“Remove an investors risk, and capital won’t be an issue,” Mousa stated.
Know your own game. Knowing the history and all the latest news in the related industry will give investors peace of mind. Make sure detailed questions about industry trends, competitive activity, and opportunities or threats can be answered.
“I fully agree,” Mousa said.
Do your homework. Create a list of prospective investors and gather information to prioritise them. If it’s a firm, know who gets the deals done and find out the best way to reach them.
“There are many ways to build a list of prospective investors, and some firms can introduce professional investors, for seed funding” Mousa stated.
Perfect your pitch. Plan a 20-minute pitch that covers the who, what, when, where, why and how of your startup. Keep it concise, be honest, and engage with questions asked. Identify the uniqueness of the product or service, but also be prepared for detailed questions about competitors.
“I’d start with the why. Once you know why you’re doing something you can convey it to your audience. From that audience, investors will come who understand and believe in your why. The rest will be easy,” Mousa stated.
Have your numbers ready. Prepare financials and make them available and show revenue streams. Track every expense and be prepared to explain any aspect of the balance sheet.
“As a numbers man, there’ll not be any disagreement from me,” Mousa quipped.
Network, network, network. Find others who have successfully raised, and learn from them, whether they’re in your industry or not. Form relationships and garner any tips you can. Be passionate.
“Passion breeds passion. Engaging with others who have been in your shoes will trigger their passion and propensity to assist you,” Mousa suggests.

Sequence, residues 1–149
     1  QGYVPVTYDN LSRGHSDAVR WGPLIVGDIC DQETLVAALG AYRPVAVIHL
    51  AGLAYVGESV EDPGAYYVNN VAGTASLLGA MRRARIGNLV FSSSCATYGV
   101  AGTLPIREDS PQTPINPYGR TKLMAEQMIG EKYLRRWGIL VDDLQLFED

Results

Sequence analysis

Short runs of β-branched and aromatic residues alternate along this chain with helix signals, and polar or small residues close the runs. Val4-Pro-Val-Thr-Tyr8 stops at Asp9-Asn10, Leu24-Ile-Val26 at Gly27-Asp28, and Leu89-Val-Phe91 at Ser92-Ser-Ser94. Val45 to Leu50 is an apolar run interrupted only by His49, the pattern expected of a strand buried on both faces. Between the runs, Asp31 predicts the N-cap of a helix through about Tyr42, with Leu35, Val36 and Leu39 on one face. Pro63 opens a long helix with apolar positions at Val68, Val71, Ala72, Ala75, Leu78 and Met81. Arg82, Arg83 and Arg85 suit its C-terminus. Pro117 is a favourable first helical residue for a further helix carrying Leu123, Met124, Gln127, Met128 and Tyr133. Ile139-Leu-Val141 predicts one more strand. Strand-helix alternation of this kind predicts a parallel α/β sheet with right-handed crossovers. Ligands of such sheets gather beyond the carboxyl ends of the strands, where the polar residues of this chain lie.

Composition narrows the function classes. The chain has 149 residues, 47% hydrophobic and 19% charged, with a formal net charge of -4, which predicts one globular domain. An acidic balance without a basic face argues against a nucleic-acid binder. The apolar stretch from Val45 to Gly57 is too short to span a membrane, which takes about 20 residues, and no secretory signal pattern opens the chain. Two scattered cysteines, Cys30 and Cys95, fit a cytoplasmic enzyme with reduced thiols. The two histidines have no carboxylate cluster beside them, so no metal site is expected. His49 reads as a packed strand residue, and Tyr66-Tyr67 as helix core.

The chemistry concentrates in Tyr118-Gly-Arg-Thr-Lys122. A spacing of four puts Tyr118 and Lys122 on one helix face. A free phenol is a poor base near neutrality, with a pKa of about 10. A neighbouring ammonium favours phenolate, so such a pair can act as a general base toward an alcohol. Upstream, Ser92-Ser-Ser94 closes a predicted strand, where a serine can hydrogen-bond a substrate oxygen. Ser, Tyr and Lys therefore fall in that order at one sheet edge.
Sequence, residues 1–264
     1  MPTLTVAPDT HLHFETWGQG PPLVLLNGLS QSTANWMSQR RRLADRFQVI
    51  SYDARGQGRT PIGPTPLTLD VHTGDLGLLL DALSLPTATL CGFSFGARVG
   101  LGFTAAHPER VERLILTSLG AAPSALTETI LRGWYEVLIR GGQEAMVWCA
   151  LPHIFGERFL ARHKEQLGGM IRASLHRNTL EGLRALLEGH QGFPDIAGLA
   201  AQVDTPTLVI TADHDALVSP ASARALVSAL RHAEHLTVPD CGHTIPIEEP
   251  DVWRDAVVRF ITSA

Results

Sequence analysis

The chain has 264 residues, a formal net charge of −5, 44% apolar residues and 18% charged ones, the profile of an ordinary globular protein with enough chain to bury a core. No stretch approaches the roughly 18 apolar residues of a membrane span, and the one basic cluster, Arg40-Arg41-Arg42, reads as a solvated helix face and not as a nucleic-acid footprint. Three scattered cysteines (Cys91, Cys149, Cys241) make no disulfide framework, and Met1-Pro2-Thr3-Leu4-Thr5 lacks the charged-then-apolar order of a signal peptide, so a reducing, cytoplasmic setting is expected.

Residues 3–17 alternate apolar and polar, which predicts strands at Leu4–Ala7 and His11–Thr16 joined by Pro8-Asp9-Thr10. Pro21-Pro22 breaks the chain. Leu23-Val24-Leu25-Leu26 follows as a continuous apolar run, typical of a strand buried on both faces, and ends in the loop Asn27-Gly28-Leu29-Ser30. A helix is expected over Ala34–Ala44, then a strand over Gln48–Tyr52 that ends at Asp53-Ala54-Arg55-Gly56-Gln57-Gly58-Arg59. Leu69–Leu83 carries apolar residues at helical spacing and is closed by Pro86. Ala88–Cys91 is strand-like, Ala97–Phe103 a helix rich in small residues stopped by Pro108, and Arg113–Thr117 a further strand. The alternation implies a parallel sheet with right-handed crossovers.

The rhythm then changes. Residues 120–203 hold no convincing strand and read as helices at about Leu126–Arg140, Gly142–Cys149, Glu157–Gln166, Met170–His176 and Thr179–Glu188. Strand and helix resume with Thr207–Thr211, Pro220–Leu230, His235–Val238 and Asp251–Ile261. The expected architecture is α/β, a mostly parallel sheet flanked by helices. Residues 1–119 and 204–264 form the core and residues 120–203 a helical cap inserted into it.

TLK Partners Wealth Management Companies Kingsgrove, Beverly Hills | Tax Accountant & Agent | Property Advisers are financial management, retirement planning and wealth advisers serving enterprises and private individuals who hope to take care of their future through sound financial management. Visit their website or contact them at (02) 8090 4324 for an appointment to discuss your financial management and investment needs.
This material is of a general nature only, and it does not take into consideration your financial circumstances, needs or objectives. Before making any decision based on this content, you should assess your own circumstances, seek professional advice or contact our office to be directed to the appropriate professional. Whilst all care has been taken in presenting the material neither TLK Partners or its associated entities guarantee that the material is free of error and, the information may have changed since being published.
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The information contained in this article is based on the authors’ opinion only and is of a general nature which is not indicative of future results or events and does not consider your personal situation or particular needs. Professional advice should always be sought relevant to your circumstances.